Linear Mixed Model Sample Size Calculations

I have created a Shiny app to calculate the required sample size for a two-group linear mixed model.

It uses the power.mmrm function from the longpower package (see Lu, Luo, & Chen, 2008, for more information).

The input is simplified, whereby users are limited to five time-points, the correlation matrix is a compound symmetry correlation structure that is identical for both groups, and the attrition rate is assumed to be the same for both groups.

Shiny App

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RePROCESS: PROCESS macro for R – Model 1

I have decided to write an R version of the PROCESS macro for mediation, moderation, and conditional process analysis, which is called RePROCESS.

I will regularly update the package as I add more models and post updates on this blog.

Unlike the SPSS macro, it generates the plots for you, and runs the analyses run at least four times faster! However, I’m not sure how computation time compares to the SAS version.

The development version of the package has now been released and allows you to run Model 1, which is for a single predictor and moderator variable.

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SF-12 v2 scoring using Australian population weights

Update: This post has been updated to use the dplyr library.

This brief post provides the R syntax to calculate SF-12 v2 scores using Australian population weights. The population weights are derived from:

Hawthorne, G., Osborne, R., Taylor, A., & Sansoni, J. (2007). The SF36 Version 2: critical analyses of population weights, scoring algorithms and population norms. Quality of Life Research, 16(4), 661-673. doi: 10.1007/s11136-006-9154-4

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Free step-down re-sampling adjustment for multiple testing in linear regression

This brief post presents a function to implement the free step-down re-sampling p-value adjustment for multiple-testing for regression models. It is an adaptation of the R code presented in Foulkes (2009, pp. 114-119), but it implements the minP method in addition to the maxT method.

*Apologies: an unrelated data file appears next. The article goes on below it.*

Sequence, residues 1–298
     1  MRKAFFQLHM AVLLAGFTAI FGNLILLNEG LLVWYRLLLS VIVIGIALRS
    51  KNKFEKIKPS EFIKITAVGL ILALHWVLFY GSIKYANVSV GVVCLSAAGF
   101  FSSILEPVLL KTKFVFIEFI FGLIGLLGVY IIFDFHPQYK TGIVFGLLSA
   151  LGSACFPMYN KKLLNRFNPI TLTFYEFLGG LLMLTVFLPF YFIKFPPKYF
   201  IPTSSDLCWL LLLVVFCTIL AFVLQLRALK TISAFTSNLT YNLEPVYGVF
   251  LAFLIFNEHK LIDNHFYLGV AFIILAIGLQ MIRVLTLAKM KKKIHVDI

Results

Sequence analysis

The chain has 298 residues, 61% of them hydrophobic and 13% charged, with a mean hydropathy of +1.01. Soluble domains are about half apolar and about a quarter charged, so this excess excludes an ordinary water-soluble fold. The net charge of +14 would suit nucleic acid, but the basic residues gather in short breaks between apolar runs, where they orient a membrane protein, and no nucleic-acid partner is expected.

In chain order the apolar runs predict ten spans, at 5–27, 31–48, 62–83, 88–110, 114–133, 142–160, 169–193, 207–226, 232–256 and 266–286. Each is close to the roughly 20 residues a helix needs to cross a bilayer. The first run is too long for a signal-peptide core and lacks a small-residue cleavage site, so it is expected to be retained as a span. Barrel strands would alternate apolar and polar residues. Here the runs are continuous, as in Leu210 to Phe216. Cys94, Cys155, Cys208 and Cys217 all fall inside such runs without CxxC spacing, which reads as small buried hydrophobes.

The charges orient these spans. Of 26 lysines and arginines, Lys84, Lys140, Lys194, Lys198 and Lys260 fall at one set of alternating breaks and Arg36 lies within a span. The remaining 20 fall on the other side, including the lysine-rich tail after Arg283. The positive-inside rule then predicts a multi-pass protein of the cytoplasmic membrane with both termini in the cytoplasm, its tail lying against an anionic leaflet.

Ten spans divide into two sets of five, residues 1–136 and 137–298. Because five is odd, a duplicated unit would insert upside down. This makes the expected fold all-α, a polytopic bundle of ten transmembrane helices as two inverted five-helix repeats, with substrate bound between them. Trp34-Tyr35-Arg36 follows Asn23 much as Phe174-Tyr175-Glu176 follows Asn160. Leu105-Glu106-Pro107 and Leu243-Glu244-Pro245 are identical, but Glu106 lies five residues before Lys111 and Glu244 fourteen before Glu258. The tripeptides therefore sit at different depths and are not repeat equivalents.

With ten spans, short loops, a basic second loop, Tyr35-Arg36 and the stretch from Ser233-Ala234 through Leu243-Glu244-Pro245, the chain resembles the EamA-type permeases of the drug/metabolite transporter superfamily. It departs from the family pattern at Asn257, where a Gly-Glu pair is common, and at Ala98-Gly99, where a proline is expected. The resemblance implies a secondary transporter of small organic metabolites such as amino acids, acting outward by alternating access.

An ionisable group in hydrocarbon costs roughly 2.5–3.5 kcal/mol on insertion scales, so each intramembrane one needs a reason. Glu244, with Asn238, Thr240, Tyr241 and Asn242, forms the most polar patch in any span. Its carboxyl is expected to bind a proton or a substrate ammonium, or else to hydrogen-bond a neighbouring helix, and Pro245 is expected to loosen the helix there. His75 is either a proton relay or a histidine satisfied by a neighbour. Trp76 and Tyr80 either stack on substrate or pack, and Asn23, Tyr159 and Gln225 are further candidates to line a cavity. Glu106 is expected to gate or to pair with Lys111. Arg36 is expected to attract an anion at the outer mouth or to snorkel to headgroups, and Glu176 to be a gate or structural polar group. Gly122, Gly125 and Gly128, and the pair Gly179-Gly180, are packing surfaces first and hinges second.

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Testing R-squared change for linear regression models with heteroscedasticity-consistent standard errors

If you want to test whether the change in R2 is statistically significant for nested linear models with heteroscedasticity-consistent (HC) standard errors (e.g., hierarchical regression), then you can use vcovHC() from the sandwich package and waldtest() from the lmtest package.

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Moderation with a multicategorical moderating variable

UPDATE: Please see the following post for an all-in-one solution: RePROCESS Model 1

This post was was inspired by Nicholas Michalak’s Novum R-ganum blog posts on reproducing Hayes’ PROCESS Model 1 in R. He has two posts where he presents the R code for examining a continuous × continuous moderation and a dichotomous × continuous moderation.

However, a quick Google search suggests a paucity of information for conducting moderation analyses using a multicategorical moderating variables.

Therefore, this post will outline how to run the PROCESS Model 1 with a multicategorical moderator (M) in R. We will examine how to code the M variable,  simulate some data, run the PROCESS analyses in both SPSS and R, and compare the results from both software packages.

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Analysis of single-case research

I was recently asked to examine some single-case study data and ended up using the method described by Mueser, Yarnold, and Foy (1991). In order to use this method, your data must comprise a minimum of four assessment points at equally spaced intervals (e.g., baseline, 12-weeks, 24-weeks, and 36-weeks).

This method is based on classical test theory and the steps involved are as follows:

  • Calculate ipsative z-scores for the participant
  • Calculate the 1-lag autocorrelation factor
  • Calculate the critical difference (CD)
  • For each assessment point, we calculate the difference between the corresponding z-score and the z-score at baseline.
  • If the absolute value of this difference score is greater than the CD value, then it is statistically significant.

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